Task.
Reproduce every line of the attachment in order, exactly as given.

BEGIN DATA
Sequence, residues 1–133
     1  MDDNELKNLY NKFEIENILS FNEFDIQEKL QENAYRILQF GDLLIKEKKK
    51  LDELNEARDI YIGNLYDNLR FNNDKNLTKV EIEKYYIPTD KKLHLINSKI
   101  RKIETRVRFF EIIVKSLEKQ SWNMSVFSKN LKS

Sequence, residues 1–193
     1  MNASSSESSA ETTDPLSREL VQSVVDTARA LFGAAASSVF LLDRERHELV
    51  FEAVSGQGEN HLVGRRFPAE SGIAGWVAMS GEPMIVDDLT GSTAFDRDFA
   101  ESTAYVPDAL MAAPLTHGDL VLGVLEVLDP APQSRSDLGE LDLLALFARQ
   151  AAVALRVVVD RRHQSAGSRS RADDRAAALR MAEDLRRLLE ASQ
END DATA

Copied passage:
Sequence, residues 1–133
     1  MDDNELKNLY NKFEIENILS FNEFDIQEKL QENAYRILQF GDLLIKEKKK
    51  LDELNEARDI YIGNLYDNLR FNNDKNLTKV EIEKYYIPTD KKLHLINSKI
   101  RKIETRVRFF EIIVKSLEKQ SWNMSVFSKN LKS

Sequence, residues 1–193
     1  MNASSSESSA ETTDPLSREL VQSVVDTARA LFGAAASSVF LLDRERHELV
    51  FEAVSGQGEN HLVGRRFPAE SGIAGWVAMS GEPMIVDDLT GSTAFDRDFA
   101  ESTAYVPDAL MAAPLTHGDL VLGVLEVLDP APQSRSDLGE LDLLALFARQ
   151  AAVALRVVVD RRHQSAGSRS RADDRAAALR MAEDLRRLLE ASQ